I’m not sure there’s ever been a more literal example of the term “warm up band” than Bob Vylan. The two piece bring to the Corn Exchange more energy than I can remember seeing in a support band in a long time – by the time the first track is in full flow, vocalist Bobby Vylan is right off of the stage and into the crowd, getting everyone jumping about during I Heard You Want Your Country Back. The lyrics seem apt given what had happened the night before; “Got the gammons on retreat, And their blood boils over when we speak,” when someone apparently needed to be removed for yelling abuse at the band. I can see why their set may be provocative to some, with the band’s quite, erm, outspoken distain for the Met Police, for example, but then this came only a few hours after I saw the Met in the news again, an officer charged with child sex offences – their anger at certain topics is justified, just listen to the lyrics and realise that the topics are meant to cause that anger but, y’know, don’t shoot the messenger, look into why they’re angry at these institutions in the first place. Leaving drummer Bobbie Vylan on stage, Bobby decided to spend the later half of the set in the crowd, at one pointing climbing up to the balcony (and getting stuck up there). One of the most entertaining support bands I’ve seen in a while – an interesting choice to support Biffy Clyro but I’m glad to have been introduced to them.
Biffy Clyro haven’t really played venues the size of the Corn Exchange in the UK for a while, the band feeling much closer together on stage than the last few times I’ve seen them. They’ve got a tonne of new material to play with on this occasion too, releasing A Celebration Of Endings during the height of the pandemic and releasing a surprise follow up, The Myth of the Happy Ending, just a week ago and there’s a real excitement around hearing some of the new tracks live. These two albums are, in my opinion, the best two records they’ve put out in a while and it’s a relief to hear how well they translate to the live stage. Opening DumDum is a more synth and delay led track which sees the live members, Mike Vennart and Richard Ingram, heading onto stage first to start building the atmosphere. By the time A Hunger In Your Haunt gets going though they’re in full guitar assault, the end section full of odd timed stabs, complete with perfectly timed flashes of light – it’s sections like this that first drew me towards the band and now, nine albums into their career, they’ve really worked out how to play on these sections live with new odd timings to stop you getting too comfortable.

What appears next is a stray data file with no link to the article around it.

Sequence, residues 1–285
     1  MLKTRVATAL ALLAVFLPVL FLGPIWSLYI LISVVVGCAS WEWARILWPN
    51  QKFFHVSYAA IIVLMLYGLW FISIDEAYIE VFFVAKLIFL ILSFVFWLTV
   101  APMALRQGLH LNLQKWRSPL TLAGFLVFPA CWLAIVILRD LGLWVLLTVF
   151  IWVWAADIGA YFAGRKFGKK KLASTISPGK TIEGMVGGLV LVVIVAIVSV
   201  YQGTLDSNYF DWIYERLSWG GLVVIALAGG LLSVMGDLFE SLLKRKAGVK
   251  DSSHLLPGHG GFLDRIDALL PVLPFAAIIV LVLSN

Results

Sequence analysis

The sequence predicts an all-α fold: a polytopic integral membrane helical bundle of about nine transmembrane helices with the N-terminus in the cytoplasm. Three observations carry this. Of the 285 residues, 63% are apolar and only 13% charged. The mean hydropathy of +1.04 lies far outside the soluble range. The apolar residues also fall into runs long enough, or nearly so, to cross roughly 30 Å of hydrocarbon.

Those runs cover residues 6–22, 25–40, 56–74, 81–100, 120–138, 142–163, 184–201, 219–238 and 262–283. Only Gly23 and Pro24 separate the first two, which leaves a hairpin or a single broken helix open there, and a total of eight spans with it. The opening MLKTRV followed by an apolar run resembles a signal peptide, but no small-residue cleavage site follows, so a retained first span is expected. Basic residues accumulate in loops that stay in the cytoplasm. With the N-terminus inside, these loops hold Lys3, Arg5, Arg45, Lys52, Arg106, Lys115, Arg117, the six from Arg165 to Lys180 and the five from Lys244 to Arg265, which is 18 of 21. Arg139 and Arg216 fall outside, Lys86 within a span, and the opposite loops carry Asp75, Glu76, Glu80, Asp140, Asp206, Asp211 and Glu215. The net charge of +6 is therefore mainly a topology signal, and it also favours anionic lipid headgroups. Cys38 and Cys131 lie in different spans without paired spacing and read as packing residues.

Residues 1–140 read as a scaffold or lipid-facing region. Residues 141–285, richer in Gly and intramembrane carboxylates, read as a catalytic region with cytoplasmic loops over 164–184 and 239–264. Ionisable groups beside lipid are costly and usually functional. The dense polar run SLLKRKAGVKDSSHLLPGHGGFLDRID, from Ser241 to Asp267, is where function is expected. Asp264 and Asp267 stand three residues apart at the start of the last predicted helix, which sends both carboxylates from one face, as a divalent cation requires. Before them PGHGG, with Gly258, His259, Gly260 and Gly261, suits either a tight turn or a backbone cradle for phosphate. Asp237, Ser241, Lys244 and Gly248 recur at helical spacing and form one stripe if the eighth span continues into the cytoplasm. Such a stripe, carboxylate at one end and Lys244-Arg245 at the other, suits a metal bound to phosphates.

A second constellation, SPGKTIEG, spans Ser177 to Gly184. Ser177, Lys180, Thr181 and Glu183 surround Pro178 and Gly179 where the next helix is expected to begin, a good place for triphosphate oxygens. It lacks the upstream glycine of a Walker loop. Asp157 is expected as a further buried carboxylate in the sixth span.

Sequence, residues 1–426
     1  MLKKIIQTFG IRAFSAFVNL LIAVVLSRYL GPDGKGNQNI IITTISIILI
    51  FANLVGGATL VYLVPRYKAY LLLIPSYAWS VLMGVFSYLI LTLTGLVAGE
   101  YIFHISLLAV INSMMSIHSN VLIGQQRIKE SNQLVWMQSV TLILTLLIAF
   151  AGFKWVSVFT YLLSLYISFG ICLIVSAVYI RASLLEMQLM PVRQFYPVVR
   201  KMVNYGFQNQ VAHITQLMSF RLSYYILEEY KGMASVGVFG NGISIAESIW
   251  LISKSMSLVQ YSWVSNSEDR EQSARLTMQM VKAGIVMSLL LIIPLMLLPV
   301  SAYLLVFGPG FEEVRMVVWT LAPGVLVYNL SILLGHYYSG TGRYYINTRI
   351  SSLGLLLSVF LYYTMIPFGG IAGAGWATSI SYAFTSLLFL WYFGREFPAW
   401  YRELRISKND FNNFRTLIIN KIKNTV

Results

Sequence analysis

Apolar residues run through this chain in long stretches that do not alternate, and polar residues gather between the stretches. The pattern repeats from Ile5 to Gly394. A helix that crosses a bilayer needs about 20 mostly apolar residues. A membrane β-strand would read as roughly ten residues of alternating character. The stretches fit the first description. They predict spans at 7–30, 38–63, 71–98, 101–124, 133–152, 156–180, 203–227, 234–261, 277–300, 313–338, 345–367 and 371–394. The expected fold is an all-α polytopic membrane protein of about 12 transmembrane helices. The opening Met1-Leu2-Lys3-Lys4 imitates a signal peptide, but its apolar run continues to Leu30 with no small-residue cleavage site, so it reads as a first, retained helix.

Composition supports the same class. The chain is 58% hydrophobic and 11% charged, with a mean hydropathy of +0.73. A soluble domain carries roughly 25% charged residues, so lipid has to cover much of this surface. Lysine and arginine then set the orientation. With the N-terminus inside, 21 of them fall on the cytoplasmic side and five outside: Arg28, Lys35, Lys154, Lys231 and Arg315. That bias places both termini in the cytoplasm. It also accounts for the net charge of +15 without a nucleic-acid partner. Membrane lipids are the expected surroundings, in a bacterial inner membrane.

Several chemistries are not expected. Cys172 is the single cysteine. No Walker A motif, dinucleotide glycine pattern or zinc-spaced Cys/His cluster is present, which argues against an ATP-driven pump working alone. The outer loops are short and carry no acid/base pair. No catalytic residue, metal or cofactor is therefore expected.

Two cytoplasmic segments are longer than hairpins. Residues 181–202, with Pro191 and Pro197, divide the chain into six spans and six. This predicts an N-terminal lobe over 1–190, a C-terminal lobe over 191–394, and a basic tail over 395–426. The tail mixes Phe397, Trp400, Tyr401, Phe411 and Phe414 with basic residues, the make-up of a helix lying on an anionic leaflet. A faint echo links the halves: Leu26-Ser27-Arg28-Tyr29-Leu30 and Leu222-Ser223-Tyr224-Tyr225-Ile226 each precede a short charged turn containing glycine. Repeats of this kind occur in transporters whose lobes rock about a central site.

Instant History is a track I wasn’t so sure about when I first heard it – there are some interesting parts in it but it never really connected with me – but live it’s now one of the most epic sounding tracks, the yell of “This is the sound that we make” sang back so loudly that the Corn Exchange felt more like an arena. It’s weird to think that the majority of people watching this track, which feels like it came out so long ago, will be hearing it and screaming back for the first time. Wolves of Winter has fast become one of my favourite live tracks, the snarling chorus sounding utterly huge. I was pleased to hear one of the weirdest tracks on the new album, Slurpy Slurpy Sleep Sleep, live for the first time, the weird synth intro and repetitive vocal line of the intro sounded perfect and the stage lighting was just perfectly on point for the song – it’s Biffy at their weirdest and it’s good to see a hall full of people enjoying it. Likewise I have to commend them for closing the set with Cop Syrup, a track with a weird outro that works perfectly as the album closer and, seemingly, well as a set closer too, ending the set to the scream of “Fuck everybody, woo!” a line that felt almost iconic from last years album.
It’s been a while since Biffy Clyro played Cambridge, for a rough idea I remember going to a signing in Virgin Megastores that day, a shop I barely remember now, previously playing at the Junction. It’s a jump up in size from then but still a more intimate show than the o2 arena. I love the huge production value of the arena shows but being up this close with the band there’s an excellent energy to the whole thing. I also have to give some praise to Cambridge Corn Exchange themselves, for one this is the first gig I’ve been to where the vaccine/test pass was actually scanned, rather than glanced at from a distance, but also the staff I spoke to were friendly and went out of their way to be helpful.